By World Healthcare Journal-
Household pets such as cats and dogs may require vaccination against Covid-19 in order to curb the spread of the virus and prevent further mutations, scientists say.
The warning comes from experts at the University of East Anglia (UEA), Norwich-based research facility the Earlham Institute and the University of Minnesota.
The coronavirus has already been proven to infect cats, dogs, and minks, the latter of which prompted a rushed cull in Denmark where millions were infected.
In an editorial piece for the scientific journal, Virulence, the experts warned that continued evolution of the virus in animals poses a “significant long-term risk” to humans.
"It is not unthinkable that vaccination of some domesticated animal species might be necessary to curb the spread of the infection," the piece reads.
However, it is not known yet whether the virus can be transferred back to humans from animals, which one of the authors of the editorial, Cock Van Oosterhout, detailed.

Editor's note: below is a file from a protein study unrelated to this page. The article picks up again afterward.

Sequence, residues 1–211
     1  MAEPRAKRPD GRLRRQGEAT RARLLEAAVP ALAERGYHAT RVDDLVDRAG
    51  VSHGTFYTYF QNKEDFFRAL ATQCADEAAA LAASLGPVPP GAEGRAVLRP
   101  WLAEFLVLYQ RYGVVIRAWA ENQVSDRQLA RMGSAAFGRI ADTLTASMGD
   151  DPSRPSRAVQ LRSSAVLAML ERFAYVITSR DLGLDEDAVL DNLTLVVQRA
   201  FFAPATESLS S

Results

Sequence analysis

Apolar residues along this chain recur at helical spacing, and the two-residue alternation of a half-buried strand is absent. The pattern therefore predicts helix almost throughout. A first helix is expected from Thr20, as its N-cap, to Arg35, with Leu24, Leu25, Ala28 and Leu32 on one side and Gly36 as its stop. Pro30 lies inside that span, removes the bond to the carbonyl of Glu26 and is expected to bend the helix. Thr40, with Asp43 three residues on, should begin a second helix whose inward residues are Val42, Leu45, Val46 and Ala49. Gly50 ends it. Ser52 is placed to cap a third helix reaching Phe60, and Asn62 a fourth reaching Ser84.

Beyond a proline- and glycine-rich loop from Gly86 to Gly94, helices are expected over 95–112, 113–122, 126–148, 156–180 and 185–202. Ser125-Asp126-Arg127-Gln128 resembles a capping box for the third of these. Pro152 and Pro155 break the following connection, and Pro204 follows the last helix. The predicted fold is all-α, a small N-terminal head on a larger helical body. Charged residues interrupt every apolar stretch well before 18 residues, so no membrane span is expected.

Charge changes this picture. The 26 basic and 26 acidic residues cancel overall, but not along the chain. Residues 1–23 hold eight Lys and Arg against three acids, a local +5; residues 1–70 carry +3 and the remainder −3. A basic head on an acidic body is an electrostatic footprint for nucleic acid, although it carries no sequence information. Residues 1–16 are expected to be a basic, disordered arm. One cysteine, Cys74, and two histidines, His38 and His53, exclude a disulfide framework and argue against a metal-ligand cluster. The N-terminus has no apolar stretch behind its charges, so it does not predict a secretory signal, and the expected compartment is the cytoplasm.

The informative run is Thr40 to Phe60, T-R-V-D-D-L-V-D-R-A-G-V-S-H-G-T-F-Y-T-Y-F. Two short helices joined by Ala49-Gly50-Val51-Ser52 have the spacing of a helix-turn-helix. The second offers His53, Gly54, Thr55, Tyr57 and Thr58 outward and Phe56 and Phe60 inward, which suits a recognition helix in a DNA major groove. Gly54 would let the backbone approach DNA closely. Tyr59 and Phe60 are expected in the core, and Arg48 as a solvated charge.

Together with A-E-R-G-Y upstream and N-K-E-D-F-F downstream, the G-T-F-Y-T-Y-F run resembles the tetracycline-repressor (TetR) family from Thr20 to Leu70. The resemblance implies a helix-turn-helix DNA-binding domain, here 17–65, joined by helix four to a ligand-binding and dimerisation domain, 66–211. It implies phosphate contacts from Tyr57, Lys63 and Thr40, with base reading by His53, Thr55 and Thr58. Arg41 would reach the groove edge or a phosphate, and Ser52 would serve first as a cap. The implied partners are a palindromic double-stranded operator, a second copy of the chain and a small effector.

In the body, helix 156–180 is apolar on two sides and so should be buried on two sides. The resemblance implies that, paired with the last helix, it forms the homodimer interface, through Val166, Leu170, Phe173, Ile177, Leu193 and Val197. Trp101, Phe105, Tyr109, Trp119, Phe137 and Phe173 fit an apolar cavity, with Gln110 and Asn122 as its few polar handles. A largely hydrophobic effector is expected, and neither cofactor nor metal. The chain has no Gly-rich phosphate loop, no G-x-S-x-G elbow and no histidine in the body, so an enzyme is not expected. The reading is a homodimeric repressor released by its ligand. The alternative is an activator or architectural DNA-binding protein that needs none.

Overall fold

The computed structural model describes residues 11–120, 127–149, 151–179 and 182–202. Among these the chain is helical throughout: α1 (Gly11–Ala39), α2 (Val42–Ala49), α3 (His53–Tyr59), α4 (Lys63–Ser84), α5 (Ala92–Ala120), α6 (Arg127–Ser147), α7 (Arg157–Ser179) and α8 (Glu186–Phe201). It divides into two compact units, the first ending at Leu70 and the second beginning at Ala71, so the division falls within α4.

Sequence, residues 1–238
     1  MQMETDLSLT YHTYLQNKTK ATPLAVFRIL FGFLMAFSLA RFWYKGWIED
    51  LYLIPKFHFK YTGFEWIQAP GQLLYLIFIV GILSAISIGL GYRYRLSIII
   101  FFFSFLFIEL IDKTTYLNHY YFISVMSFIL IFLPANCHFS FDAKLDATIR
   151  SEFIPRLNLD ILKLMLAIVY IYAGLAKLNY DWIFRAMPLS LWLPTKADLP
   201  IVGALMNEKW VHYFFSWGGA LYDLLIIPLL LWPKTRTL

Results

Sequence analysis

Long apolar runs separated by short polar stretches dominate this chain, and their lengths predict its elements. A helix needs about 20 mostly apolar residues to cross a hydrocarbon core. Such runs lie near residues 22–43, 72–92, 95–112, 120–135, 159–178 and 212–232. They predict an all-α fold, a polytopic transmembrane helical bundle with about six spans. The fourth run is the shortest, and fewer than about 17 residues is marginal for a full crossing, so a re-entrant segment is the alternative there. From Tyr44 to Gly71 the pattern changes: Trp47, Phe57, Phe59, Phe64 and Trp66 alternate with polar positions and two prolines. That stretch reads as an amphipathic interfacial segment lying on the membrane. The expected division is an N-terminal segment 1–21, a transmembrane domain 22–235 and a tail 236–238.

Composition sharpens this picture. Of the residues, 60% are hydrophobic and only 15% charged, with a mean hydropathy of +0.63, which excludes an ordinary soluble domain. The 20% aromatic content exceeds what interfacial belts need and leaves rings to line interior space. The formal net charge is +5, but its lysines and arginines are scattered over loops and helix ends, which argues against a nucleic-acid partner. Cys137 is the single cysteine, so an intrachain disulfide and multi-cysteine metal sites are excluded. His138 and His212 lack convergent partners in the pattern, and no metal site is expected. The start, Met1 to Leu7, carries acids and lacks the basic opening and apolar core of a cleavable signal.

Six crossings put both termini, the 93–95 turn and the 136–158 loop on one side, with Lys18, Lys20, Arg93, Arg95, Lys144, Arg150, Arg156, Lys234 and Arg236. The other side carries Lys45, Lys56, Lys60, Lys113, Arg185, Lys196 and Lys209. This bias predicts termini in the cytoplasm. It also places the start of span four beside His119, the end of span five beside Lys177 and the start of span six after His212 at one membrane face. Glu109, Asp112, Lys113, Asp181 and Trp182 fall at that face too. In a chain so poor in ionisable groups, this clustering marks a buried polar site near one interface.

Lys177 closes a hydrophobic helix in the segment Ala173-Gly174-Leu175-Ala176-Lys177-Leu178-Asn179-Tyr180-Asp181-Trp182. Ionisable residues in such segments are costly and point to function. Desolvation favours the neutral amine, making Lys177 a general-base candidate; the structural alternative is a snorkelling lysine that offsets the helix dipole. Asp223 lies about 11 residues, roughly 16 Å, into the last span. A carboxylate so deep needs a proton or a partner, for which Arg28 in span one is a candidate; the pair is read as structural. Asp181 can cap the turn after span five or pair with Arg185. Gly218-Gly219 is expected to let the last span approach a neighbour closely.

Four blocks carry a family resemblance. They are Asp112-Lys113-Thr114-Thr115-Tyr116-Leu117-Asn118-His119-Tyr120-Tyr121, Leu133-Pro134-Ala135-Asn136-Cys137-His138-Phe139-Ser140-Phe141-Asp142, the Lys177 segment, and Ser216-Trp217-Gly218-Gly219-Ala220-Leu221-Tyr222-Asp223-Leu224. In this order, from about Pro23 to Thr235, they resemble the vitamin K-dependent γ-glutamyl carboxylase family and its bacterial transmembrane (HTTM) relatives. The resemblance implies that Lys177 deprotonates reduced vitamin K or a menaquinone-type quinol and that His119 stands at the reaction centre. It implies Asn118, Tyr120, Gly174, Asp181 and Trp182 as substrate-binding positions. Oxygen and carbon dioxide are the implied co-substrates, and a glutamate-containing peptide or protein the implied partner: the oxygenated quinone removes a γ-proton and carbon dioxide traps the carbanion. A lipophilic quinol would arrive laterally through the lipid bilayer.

“It makes sense to develop vaccines for pets, for domestic animals, just as a precaution to reduce this risk,” he said.
“What we need to be as a human society, we really need to be prepared for any eventuality when it comes to Covid."
“I think the best way to do this is indeed consider development of vaccines for animals as well. ”
“Interestingly the Russians have already started to develop a vaccine for pets, which there’s very little information about. ”
Kevin Tyler, editor-in-chief of Virulence, also explained the risk that Covid poses to not only pets, but humans too.
"Cats are asymptomatic but they are infected by it and they can infect humans with it,”
"The risk is that, as long as there are these reservoirs, that it starts to pass as it did in the mink from animal to animal, and then starts to evolve animal-specific strains, but then they spill back into the human population and you end up essentially with a new virus which is related which causes the whole thing all over again."
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